University of Denver

A Well-Deserved Recognition for Our Judges

Senior Director

Last year, U.S. Supreme Court Chief Justice Roberts dedicated his 2015 year-end report on the State of the Judiciary to extolling the new amendments to the Federal Rules of Civil Procedure. He noted the amendments serve as an important stride forward, but that we would only achieve a just, speedy, and inexpensive system if the entire legal community, including the bench, bar, and legal academy, “step up to the challenge of making real change.”

This year, in his 2016 year-end report, he focused on the “crucial role” that our federal district court judges play in achieving those goals.

“The men and women across the country who today serve as district judges are generally not well known . . . but they deserve tremendous respect. While the Supreme Court is often the focus of public attention, our system of justice depends fundamentally on the skill, hard work, and dedication of those outside the limelight.”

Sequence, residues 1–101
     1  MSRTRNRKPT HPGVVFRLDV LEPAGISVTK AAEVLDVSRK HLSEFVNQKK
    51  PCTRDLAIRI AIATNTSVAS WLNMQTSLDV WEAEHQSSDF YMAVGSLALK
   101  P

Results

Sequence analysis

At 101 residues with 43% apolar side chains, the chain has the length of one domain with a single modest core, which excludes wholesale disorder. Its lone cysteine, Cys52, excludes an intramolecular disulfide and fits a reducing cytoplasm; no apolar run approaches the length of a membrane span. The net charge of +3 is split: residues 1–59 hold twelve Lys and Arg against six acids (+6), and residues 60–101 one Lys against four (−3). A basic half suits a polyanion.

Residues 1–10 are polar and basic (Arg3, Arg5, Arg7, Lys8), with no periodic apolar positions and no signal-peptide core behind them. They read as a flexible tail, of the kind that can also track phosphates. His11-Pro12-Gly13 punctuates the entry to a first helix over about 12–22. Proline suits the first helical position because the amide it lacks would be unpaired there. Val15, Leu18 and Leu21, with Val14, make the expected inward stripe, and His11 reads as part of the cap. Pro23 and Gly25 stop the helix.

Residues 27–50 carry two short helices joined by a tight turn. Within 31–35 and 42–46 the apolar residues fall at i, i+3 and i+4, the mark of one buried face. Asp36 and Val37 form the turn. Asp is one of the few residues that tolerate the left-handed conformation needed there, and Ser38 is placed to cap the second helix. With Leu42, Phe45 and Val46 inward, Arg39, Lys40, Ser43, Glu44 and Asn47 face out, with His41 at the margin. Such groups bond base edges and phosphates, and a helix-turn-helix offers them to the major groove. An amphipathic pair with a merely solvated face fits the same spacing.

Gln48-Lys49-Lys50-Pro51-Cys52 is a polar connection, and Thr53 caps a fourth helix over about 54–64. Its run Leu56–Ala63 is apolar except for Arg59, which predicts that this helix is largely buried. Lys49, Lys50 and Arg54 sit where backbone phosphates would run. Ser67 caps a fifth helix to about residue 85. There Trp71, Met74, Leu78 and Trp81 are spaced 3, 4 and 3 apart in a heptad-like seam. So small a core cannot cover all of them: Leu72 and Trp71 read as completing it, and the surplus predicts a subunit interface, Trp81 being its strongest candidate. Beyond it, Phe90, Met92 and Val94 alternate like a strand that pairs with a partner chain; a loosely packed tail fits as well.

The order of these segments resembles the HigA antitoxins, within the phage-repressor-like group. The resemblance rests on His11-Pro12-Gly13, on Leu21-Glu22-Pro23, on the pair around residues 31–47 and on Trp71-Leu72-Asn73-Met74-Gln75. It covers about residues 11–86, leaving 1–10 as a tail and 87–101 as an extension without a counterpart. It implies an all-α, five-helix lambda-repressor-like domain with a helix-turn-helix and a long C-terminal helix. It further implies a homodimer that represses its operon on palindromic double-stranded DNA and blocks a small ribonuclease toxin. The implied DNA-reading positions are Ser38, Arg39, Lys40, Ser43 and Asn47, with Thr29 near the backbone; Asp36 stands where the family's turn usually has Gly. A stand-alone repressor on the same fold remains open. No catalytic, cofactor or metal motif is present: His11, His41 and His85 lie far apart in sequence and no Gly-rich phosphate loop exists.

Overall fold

The Chief Justice recognized the important role our judges play in the pretrial process, recognizing that judges must be active and astute problem solvers to help resolve disputes efficiently with minimal expense and delay. He likened a judge’s active engagement in managing his or her docket to a lumberjack who “saves time when he takes the time to sharpen his ax.” 

“A district judge’s skillful exercise of docket administration and case management can often narrow a case to a small number of issues truly in dispute and may even resolve the matter through settlement.”

The Chief Justice also made mention of the pilot projects that will be adopted in district courts around the country this year, with district judges implementing promising case management techniques and discovery procedures aimed at reducing the costs of discovery. The goal of the pilot projects is to provide the experience and empirical support that could lead to future amendments.

Our judges, both state and federal, “make a difference every day, and leave a lasting legacy, by making our society more fair and just.” We, too, are grateful for their service.